Lenana School

Brief History

Lenana School is a high school in Nairobi, Kenya. It was formed in 1949 by colonial governor Philip Euen Mitchell in 1949, known then as the Duke of York School (the actual bell from HMS Duke of York (17) can still be seen mounted at the front school parade ground between the school chapel and the hall). The first students were briefly housed at the then British colonial Governor’s House which is the current State House as they waited for the school’s completion. The founding principal/headmaster was R.H. James.

Originally the school was reserved for white students only within the racial system of colonial Kenya Colony. All teachers (masters, as they were called at the time), were also white. The students were drawn from the sons of British settlers, most of whom were farmers in outlying areas. This required a primarily boarding facility for the students, although originally there were a few “day” students who came daily. The school system was modelled after the English “public school” system.

By the early 1960s the school was fully developed with its own well kept 9 hole golf course, rifle range, horse stables, a cricket oval with a cricket pavilion and ample sports fields for rugby, football, hockey, swimming, tennis, squash, and other sports. The astronomy club as well endowed with telescopes, the science labs well equipped, and off site school facilities provided for sailing, mountain climbing and other distractions most of which are still available to date.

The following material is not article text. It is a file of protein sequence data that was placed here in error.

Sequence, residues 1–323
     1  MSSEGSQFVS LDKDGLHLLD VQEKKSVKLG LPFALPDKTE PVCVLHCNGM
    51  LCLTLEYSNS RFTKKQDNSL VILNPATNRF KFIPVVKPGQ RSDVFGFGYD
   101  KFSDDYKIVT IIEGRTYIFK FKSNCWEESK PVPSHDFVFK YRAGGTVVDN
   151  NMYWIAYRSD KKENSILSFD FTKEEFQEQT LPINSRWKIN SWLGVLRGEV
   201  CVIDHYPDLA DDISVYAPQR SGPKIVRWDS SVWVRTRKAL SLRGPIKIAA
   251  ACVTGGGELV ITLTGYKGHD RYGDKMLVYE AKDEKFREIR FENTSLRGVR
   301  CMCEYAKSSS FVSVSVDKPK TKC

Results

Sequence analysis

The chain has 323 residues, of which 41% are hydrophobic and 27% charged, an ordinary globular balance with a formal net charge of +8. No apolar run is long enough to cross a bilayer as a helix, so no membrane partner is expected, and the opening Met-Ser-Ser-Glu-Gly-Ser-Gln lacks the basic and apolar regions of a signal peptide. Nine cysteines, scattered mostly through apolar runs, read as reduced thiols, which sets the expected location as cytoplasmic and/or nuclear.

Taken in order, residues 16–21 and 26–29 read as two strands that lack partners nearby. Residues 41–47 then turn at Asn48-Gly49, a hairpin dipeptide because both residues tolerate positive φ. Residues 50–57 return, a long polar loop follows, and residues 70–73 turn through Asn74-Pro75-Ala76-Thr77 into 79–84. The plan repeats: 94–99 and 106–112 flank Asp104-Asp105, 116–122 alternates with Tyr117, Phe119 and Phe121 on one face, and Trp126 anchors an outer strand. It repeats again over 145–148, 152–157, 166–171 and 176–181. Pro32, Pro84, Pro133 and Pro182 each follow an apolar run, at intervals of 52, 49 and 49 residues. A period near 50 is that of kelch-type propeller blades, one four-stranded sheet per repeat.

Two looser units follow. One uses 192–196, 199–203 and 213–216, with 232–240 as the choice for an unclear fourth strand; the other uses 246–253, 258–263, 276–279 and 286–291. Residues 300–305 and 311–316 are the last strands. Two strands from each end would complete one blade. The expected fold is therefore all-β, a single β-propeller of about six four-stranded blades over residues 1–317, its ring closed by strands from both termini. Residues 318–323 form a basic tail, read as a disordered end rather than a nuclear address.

After Kenya’s independence in 1963 there were gradual changes that led to the first few black and Asian students being admitted in the mid 1960s. Black teachers began to be employed in the early 1970s.

The school was renamed Lenana School in 1969 after the legendary Laibon Lenana who was the central human figure in the Maasai religious system and ruled around the end of the 19th century through to the early 20th century. The first Kenyan headmaster (principal) of the school was Mr. James Kamunge.

Motto

Nihil Praeter Optimum, Latin for ‘Nothing But The Best’

Address

P. O. Box 30253, Nairobi, Kenya.

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